DNC blunts GOP voter targeting efforts

Washington, DC - The Politico reports this morning on the DNC's state-of-the-art voter file and field plans noting that "[a]fter years of struggling to catch up to the Republican Party's sophisticated microtargeting efforts, the Democratic National Committee appears to have come close to parity."  The DNC has made significant investments in its voter file, infrastructure, and microtargeting efforts and now has a national voter file with comprehensive data on voters around the country that will be an invaluable asset come November.

The following are excerpts of today's story:

DNC blunts GOP voter targeting efforts
By David Paul Kuhn
The Politico
May 23, 2008

"After years of struggling to catch up to the Republican Party's sophisticated microtargeting efforts, the Democratic National Committee appears to have come close to parity. The DNC has now reorganized its data banks into one centralized file that goes a long way toward neutralizing the GOP's advantage in drilling down and identifying crucial constituencies of voters.

"In the last two presidential cycles, the Republican national voter file allowed them to more efficiently locate, communicate with, and galvanize voters. Democrats, by comparison, relied on a disjointed compilation of national and state party data files that varied widely in quality. To boot, said one DNC analyst, many of their files would vanish after each election year. For Democrats, the shift to one 'solid voter file' is 'transformative,' said Ben Self, the DNC's director of technology. 'Whether it is microtargeting, regular targeting, neighbor-to-neighbor knocking on doors, or volunteers making calls,' Self said, 'all these vital campaign activities are built on a national voter file and were not available in 2000…'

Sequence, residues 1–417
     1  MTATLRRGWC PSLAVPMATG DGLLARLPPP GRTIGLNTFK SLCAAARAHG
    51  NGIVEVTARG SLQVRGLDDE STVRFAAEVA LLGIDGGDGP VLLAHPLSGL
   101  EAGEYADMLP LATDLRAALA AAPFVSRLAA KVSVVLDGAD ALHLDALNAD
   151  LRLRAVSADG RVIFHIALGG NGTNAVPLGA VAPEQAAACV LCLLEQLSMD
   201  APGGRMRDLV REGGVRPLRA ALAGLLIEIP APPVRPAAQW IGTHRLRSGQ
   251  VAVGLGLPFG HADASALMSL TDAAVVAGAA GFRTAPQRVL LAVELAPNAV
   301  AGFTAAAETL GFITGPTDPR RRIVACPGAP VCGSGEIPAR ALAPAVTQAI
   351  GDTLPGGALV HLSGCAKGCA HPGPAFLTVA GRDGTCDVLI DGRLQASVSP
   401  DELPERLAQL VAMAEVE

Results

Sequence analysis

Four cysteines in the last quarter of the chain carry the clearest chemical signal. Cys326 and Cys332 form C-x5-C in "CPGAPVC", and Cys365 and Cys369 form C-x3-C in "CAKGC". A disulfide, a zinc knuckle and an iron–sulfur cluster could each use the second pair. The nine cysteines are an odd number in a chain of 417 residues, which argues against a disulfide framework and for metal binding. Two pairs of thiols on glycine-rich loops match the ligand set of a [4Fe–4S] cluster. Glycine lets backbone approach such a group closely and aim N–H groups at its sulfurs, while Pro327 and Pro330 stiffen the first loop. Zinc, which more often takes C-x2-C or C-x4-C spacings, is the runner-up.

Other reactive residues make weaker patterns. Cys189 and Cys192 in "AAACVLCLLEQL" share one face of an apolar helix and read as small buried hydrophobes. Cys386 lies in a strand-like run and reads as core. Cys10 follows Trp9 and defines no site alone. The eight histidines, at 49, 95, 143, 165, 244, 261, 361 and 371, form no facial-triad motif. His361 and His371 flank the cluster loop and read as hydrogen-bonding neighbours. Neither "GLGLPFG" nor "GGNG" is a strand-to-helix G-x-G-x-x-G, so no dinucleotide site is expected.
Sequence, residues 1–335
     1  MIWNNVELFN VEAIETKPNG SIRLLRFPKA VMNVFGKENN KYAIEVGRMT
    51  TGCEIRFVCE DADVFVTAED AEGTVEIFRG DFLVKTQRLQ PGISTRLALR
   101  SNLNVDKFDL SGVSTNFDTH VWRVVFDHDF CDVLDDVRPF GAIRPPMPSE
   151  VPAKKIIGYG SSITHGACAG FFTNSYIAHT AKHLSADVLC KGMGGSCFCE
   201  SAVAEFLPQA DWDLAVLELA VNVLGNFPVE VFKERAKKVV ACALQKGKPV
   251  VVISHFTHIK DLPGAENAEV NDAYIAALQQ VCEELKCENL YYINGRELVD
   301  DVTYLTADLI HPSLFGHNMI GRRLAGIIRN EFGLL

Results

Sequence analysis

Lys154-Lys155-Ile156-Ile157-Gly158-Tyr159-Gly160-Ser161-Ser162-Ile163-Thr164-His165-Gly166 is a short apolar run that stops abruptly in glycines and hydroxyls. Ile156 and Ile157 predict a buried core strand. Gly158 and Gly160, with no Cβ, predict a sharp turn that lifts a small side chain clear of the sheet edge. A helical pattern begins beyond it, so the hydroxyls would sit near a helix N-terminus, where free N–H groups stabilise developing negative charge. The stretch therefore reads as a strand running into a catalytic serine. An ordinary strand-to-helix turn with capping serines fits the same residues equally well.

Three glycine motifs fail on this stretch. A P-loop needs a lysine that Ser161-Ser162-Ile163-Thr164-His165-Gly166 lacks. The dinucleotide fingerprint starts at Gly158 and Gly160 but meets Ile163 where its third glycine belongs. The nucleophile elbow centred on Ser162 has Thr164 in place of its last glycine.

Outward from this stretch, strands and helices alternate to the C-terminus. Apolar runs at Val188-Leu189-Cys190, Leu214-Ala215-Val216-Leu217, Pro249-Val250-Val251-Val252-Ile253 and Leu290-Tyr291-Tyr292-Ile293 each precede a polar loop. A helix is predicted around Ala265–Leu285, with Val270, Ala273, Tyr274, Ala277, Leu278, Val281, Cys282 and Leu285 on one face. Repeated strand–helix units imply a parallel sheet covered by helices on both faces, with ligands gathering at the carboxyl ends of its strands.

"The party continues to build the DNC's voter file--with some assistance from the Obama and Clinton campaigns, which have been offloading data to the DNC file. That, in itself, is an accomplishment for a party that only brought its voter file in-house for the first time in the 2006 midterm elections. That year, Democrats conducted a pilot program using the data in six states, including Montana, where Jon Tester unseated Republican Sen. Conrad Burns…'A lot of the consumer data helps at the margins,' said Keith Goodman, the director of special projects in the DNC's political department. And, as Goodman notes, many elections are decided at the margins."

For the full story, click here:

http://www.politico.com/news/stories/0508/10573.html